Management of Adult Patients with Myelodysplastic Syndromes

*Nicolas Bonadies

Department of Haematology and Central Haematology Laboratory, Inselspital Bern, University Hospital, University of Bern, Bern, Switzerland
*Correspondence to Nicolas.Bonadies@insel.ch

Disclosure: The author has declared no conflicts of interest.
Received: 07.03.17 Accepted: 05.06.17
Citation: EMJ Hematol. 2017;5[1]:104-112.

Abstract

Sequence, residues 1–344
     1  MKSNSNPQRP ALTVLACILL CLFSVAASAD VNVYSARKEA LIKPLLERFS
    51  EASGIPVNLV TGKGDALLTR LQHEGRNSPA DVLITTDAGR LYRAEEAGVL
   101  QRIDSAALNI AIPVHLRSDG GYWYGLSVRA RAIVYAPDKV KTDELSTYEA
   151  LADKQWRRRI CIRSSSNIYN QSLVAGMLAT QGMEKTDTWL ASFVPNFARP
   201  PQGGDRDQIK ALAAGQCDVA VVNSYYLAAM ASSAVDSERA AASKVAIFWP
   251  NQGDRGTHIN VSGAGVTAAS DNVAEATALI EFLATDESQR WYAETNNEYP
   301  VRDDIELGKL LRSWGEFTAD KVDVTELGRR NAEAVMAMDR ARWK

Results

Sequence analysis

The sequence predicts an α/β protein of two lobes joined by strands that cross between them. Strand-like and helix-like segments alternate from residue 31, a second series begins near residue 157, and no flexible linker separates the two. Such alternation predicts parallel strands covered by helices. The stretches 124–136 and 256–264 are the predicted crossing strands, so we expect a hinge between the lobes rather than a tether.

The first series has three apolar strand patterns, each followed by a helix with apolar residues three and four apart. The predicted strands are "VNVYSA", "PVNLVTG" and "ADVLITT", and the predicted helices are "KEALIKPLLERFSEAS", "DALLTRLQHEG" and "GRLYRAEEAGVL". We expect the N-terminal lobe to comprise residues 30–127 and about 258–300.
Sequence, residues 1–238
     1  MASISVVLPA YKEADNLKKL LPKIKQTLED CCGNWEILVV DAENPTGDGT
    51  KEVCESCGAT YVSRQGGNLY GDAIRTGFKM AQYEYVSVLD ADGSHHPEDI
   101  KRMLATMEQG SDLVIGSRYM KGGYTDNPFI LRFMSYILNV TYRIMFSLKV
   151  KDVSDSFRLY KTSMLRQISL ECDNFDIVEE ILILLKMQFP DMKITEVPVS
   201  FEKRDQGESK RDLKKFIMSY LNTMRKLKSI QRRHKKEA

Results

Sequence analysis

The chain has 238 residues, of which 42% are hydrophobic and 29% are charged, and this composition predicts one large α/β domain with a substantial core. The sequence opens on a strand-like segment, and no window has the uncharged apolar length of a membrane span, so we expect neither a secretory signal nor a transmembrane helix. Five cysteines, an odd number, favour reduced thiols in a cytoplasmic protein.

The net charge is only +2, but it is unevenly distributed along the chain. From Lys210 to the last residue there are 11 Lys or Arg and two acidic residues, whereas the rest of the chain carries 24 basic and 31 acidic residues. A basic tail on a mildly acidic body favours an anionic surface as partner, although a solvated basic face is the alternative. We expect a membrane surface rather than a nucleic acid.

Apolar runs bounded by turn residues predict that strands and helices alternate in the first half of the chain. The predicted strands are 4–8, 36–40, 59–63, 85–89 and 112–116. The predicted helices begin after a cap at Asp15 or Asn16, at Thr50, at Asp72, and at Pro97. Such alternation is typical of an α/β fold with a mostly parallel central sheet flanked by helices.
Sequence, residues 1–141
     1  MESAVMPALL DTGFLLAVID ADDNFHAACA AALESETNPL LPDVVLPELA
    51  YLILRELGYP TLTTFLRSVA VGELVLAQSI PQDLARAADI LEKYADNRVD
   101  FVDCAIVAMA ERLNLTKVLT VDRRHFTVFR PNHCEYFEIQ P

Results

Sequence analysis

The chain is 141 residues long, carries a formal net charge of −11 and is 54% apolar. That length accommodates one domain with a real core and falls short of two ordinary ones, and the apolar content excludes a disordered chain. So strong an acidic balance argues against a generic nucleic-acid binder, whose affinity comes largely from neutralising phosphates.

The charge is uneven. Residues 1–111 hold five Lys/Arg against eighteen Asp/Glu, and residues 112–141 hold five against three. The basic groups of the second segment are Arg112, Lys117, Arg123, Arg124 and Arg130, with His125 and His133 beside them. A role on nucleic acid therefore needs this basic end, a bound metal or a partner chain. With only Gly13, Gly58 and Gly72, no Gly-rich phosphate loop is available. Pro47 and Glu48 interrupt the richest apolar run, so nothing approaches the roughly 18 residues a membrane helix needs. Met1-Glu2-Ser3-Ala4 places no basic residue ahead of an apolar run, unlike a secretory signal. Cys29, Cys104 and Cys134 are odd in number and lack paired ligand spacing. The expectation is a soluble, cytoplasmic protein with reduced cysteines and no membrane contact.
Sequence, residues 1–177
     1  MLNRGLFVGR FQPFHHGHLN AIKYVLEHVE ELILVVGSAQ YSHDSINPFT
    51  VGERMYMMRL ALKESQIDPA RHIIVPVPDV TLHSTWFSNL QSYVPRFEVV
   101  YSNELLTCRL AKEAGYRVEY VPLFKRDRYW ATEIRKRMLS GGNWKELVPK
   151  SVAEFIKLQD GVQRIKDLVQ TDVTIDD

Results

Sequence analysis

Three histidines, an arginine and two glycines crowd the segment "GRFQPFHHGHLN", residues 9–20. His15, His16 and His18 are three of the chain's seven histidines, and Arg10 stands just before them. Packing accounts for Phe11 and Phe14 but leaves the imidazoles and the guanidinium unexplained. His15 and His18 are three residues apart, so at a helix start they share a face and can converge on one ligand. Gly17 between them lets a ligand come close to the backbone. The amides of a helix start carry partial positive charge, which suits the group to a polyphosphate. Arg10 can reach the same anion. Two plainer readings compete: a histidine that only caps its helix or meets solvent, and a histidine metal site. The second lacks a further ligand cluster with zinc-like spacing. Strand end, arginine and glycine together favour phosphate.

The myelodysplastic syndromes (MDS) form a heterogeneous group of clonal disorders with an increasing incidence in the elderly population and an emerging impact on healthcare resources. MDS are caused by gene mutations affecting the haematopoietic stem cells, leading to ineffective haematopoiesis, characterised by dysplasia and cytopenia, and a propensity to evolve towards secondary acute myeloid leukaemia (AML). Accurate diagnosis and risk assessment are essential for the correct treatment allocation. In lower-risk MDS patients, median survival reaches 3–8 years and mortality is mainly caused by cytopenia (cardiovascular events, infections, and bleeding). Therefore, the treatment for these patients should be focussed on reduction of disease-related complications, disease progression, and improvement of quality of life. In contrast, in higher-risk MDS patients, median survival ranges from 1–3 years and death from transformation to AML exceeds non-leukaemic mortality. Treatment should be aimed to delay progression to AML and improve overall survival. Allogeneic haematopoietic stem cell transplant remains the only curative option for higher-risk MDS patients. However, only a minority of patients are eligible for such intensive treatment. Consequently, most patients are managed with supportive care and palliative treatment, including growth factors, immune-modulators, and hypomethylating agents. Since elderly patients with chronic cytopenia are frequently seen in general practice, awareness of the wide spectrum of presentations of MDS and potential courses of lower and higher-risk diseases are important for primary healthcare physicians.

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